|The first excerpt represents the past or something you must release, and is drawn from The Iron Puddler by James J. Davis:
labor field and into the field of management.
But here is where my natural feeling of fraternity stepped in.
I liked to be among the men. I felt at home there. I was only
twenty-two, and salesmanship was a field I had never tried,
except for a season when I sold Mark Twain's book, Following the
Equator. There were plenty of men who had the knack of selling.
My natural gift, if I had any, was to smooth the path for working
men and help them solve their problems. I had learned that labor
was the first step on the road to knowledge. It was the
foundation of all true knowledge. I wanted to help the fellows
take the next step. That step would be to learn how labor can
|The second excerpt represents the present or the deciding factor of the moment, and is drawn from Moby Dick by Herman Melville:
say, that though the Captain is very discreet and scientific here,
yet, for all his learned "binnacle deviations," "azimuth compass
observations," and "approximate errors," he knows very well, Captain
Sleet, that he was not so much immersed in those profound magnetic
meditations, as to fail being attracted occasionally towards that
well replenished little case-bottle, so nicely tucked in on one side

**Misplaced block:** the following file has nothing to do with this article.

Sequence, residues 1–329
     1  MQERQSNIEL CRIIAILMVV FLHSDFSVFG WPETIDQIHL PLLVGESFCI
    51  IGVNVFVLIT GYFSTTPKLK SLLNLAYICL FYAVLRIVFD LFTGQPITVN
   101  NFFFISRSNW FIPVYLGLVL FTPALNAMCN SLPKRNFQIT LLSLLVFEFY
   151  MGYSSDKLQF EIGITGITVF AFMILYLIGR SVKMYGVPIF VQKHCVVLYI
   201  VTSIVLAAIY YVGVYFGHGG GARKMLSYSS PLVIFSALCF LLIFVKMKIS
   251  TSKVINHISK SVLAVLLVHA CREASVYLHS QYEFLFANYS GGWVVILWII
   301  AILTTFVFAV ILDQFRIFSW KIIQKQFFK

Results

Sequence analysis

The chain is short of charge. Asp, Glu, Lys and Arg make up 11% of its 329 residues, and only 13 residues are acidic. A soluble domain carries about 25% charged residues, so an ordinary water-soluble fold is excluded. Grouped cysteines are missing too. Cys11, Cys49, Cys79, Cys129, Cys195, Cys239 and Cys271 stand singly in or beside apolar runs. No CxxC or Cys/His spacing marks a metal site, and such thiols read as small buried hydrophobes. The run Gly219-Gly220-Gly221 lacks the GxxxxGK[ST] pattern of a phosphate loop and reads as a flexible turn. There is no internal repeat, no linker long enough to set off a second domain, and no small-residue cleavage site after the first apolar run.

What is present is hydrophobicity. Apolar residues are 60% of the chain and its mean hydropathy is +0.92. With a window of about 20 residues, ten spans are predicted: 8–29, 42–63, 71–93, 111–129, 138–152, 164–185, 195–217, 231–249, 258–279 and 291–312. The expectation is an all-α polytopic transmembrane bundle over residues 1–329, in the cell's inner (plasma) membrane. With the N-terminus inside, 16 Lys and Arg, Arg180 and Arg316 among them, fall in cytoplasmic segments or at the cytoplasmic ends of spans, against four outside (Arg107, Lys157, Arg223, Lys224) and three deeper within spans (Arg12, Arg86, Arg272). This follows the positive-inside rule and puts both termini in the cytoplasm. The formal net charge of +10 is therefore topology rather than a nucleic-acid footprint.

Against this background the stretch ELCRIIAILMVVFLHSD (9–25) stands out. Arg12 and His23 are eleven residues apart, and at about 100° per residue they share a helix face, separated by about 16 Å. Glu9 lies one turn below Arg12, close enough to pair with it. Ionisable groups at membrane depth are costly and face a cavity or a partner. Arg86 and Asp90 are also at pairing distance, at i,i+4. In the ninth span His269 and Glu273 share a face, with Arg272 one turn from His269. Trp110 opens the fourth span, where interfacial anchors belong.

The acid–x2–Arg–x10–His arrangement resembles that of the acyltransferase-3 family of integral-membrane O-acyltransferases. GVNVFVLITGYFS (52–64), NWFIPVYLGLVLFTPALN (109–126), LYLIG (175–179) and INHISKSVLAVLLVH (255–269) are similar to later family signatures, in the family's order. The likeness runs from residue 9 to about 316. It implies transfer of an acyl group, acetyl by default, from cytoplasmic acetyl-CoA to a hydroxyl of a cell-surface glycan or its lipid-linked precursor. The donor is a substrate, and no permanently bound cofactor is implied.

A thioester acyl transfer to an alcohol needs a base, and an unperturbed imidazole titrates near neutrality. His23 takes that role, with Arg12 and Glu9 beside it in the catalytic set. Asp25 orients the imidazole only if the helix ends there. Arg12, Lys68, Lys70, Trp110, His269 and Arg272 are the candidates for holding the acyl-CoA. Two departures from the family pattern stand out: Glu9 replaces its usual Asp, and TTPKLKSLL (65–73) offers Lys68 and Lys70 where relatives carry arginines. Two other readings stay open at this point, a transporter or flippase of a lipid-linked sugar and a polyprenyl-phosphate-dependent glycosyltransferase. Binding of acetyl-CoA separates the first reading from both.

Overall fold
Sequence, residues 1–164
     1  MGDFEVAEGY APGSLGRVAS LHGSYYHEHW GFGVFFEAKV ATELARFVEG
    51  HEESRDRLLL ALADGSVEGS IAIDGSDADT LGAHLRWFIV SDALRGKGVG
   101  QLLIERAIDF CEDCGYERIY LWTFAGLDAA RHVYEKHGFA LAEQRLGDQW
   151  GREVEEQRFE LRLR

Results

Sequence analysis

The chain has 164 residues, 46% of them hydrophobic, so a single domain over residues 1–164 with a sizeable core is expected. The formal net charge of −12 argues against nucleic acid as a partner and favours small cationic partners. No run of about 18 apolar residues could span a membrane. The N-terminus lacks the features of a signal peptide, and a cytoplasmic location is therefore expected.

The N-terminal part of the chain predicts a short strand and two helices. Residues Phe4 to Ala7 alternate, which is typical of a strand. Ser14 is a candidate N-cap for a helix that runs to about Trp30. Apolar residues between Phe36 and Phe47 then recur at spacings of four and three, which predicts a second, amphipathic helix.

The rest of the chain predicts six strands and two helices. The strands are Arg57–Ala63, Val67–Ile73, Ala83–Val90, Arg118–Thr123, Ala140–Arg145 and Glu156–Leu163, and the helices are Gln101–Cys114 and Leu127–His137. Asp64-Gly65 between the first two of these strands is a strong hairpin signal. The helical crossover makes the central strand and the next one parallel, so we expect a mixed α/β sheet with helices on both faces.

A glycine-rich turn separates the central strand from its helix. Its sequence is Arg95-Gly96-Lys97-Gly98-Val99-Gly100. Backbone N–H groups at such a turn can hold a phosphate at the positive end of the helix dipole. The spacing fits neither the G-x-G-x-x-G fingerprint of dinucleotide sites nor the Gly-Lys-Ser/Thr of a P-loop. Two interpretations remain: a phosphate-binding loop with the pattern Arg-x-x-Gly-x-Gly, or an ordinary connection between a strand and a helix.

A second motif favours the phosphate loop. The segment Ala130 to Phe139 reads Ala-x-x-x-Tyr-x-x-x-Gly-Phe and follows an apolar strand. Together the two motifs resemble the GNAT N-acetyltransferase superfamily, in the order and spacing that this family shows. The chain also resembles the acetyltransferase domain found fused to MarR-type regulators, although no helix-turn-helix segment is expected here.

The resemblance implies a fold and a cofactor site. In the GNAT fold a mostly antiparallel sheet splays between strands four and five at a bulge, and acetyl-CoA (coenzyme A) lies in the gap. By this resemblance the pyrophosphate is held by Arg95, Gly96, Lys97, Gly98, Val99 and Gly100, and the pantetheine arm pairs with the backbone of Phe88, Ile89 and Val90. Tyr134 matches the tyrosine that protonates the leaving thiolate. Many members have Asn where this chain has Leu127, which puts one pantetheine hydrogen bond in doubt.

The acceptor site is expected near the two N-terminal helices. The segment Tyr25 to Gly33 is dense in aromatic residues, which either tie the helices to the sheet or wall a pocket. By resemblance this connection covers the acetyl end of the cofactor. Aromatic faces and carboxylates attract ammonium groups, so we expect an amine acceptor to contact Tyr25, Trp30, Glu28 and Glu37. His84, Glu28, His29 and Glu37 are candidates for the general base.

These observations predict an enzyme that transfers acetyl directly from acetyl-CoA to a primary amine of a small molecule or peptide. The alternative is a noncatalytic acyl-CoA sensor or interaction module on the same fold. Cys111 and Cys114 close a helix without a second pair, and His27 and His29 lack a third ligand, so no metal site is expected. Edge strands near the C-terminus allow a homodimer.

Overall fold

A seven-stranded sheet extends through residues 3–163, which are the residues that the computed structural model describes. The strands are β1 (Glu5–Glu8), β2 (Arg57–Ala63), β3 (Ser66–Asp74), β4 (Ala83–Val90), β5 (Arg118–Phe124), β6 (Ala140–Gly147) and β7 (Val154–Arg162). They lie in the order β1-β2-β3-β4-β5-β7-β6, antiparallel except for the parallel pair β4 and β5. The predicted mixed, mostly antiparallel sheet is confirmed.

of his crow's nest, within easy reach of his hand. Though, upon the
whole, I greatly admire and even love the brave, the honest, and
learned Captain; yet I take it very ill of him that he should so
utterly ignore that case-bottle, seeing what a faithful friend and
comforter it must have been, while with mittened fingers and hooded
|The third excerpt represents the future or something you must embrace, and is drawn from The Road to Oz by L. Frank Baum:
"I guess the palace will be chock full, Button-Bright; don't you
"Don't know," said the boy.
"But we must go to our rooms, pretty soon, to dress for the banquet,"
continued the girl.
"I don't have to dress," said the Candy Man from Merryland. "All I
need do is to dust myself with fresh sugar."
"Tik-tok always wears the same suits of clothes," said the Tin
Woodman; "and so does our friend the Scarecrow."
"My feathers are good enough for any occasion," cried Billina,
from her corner.
The Road to Oz